You Need to Be Rich to Grow Old With Dignity in Britain today
15 Sep 2016You need to be rich these days to grow old with dignity in Britain. Six years of local authority budget cuts by the conservative government has placed the burden for caring for our elderly and infirm on their relatives and the over-stretched voluntary sector. Since the Tories came to power, local authorities have responded to these central cuts by allocating 9% less on social care, as demand has grown.
As the government abandons our most in need, a silent alarm is screaming in households across the country. Hundreds of thousands of Britons who struggle to eat, wash and go to the toilet are left to make do. A daily trial, a daily injustice. Access to care now depends increasingly on what people can afford rather than on what they need because the poor are more reliant on the state.
A report published today by the King’s Fund puts the social care funding gap by 2019/20 at £2.8 billion as public spending on it falls below to 1 per cent of GDP. It predicts that that many of thousands of mostly small and medium sized businesses that make up most of the care sector will fail due to the reduction in government grants to the local authorities which pay them. “The possibility of large-scale provider failures is no longer of question of ‘if ’ but ‘when’ and such a failure would jeopardise continuity of the care on which older people depend,” says the King’s Fund.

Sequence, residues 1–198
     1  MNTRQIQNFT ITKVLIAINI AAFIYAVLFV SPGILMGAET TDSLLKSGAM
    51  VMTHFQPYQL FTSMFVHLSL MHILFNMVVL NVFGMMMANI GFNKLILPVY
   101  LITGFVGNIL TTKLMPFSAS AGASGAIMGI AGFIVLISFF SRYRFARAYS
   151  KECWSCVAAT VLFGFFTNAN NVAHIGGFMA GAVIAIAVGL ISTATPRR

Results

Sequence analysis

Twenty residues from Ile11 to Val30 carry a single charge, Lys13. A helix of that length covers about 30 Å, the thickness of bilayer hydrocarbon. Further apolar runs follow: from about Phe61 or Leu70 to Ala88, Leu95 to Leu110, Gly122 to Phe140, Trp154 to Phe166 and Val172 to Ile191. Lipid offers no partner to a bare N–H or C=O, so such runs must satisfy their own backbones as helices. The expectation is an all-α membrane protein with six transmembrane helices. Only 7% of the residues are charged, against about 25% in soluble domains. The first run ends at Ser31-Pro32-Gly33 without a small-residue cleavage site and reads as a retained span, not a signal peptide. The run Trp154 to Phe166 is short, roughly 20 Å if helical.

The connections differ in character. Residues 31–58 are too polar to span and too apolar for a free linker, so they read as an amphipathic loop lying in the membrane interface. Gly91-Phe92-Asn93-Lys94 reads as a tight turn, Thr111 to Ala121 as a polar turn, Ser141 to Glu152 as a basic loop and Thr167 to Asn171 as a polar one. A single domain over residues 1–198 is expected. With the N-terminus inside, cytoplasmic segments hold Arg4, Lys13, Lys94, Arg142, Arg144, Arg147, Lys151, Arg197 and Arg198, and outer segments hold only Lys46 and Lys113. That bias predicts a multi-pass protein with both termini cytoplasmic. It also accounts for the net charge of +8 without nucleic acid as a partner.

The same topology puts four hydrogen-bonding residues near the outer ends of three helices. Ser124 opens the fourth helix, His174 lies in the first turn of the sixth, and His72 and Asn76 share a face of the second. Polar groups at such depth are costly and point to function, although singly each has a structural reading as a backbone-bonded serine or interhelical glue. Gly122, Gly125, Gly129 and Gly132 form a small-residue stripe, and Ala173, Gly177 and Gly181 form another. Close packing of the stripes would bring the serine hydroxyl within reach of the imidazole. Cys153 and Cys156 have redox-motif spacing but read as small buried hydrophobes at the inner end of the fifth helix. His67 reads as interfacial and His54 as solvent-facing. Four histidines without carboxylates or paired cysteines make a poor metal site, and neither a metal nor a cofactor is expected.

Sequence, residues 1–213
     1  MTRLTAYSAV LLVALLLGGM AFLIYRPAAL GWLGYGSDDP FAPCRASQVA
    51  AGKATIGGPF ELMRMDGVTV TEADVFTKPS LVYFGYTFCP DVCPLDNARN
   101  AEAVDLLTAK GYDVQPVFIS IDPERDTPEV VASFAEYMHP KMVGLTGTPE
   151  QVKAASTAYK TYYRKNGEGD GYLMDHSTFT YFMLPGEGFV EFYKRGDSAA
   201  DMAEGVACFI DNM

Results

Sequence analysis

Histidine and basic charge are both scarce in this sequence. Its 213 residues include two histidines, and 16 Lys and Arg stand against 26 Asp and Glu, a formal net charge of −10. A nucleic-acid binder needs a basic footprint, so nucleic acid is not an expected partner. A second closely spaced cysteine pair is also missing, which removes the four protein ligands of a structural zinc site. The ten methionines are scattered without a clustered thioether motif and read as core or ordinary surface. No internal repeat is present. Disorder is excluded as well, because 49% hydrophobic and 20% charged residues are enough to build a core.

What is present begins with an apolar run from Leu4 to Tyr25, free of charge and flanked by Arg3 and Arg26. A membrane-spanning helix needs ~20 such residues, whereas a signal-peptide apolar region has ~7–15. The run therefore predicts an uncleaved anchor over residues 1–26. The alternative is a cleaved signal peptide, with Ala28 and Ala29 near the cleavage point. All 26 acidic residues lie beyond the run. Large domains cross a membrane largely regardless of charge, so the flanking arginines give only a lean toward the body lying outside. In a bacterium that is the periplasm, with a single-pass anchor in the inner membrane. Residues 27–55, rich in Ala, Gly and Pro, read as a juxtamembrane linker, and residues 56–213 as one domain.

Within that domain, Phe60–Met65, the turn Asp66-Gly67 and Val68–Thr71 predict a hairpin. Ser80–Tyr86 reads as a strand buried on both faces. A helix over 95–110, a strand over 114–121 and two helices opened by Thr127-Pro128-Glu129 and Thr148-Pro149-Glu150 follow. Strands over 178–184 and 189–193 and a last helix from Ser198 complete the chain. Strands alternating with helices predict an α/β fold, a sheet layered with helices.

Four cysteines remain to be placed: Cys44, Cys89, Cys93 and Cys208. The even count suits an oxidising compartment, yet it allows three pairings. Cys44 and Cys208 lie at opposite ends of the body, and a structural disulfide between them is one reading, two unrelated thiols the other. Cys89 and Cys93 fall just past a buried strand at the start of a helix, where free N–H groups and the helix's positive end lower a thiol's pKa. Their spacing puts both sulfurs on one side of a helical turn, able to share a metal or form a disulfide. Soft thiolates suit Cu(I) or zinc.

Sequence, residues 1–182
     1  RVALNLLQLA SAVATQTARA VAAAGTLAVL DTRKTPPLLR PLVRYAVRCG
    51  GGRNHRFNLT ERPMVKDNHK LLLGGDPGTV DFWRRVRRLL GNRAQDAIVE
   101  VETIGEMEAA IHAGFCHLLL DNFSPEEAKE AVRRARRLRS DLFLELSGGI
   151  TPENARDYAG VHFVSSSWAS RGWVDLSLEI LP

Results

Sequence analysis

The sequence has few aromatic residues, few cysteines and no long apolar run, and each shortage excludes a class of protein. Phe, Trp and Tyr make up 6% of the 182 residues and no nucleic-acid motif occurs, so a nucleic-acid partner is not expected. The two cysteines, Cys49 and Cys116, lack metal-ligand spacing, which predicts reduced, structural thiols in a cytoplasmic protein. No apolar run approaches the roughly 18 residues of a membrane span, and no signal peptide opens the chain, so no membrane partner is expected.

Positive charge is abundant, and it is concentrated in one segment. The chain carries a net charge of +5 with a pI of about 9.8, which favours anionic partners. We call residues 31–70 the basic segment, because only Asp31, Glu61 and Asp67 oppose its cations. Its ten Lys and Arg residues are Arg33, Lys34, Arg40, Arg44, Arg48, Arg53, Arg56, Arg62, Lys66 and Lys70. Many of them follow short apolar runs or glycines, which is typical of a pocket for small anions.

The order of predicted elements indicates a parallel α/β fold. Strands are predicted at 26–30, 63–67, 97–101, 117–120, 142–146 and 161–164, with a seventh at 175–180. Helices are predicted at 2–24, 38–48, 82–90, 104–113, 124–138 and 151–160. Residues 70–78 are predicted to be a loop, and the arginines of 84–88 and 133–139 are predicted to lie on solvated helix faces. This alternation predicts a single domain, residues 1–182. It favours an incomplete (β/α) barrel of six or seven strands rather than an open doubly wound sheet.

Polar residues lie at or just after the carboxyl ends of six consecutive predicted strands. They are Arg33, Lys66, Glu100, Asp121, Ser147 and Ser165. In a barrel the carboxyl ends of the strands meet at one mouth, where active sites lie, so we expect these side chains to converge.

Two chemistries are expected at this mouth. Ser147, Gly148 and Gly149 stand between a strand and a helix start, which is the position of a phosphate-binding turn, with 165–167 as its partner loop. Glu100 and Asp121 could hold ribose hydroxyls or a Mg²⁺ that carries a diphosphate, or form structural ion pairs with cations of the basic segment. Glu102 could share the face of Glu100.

The social care funding crisis has had the knock-on effect of precipitating another crisis within the NHS because elderly people with nowhere to go are filling A&E departments and hospital wards across the country. The government is depriving the health and social care systems of the money they need to function, leaving it up the blood, sweat and tears of staff to keep our once great NHS together. There is nothing accidental about this crisis. The government is deliberately precipitating shocks in the system so it can bring about its own solutions, which invariably involve more privatization, deregulation and cuts. If the government wants to derogate from its duty to provide care for a growing number of older people in Britain, it must come clean and say so.The alarm cannot ring silent forever.
Labour believes it is the state’s role to provide basic social care for old people with no money. We will be honest with the public about the unavoidable growth in demand on health and social care services from an aging population, and we will provide the finance required to meet these needs.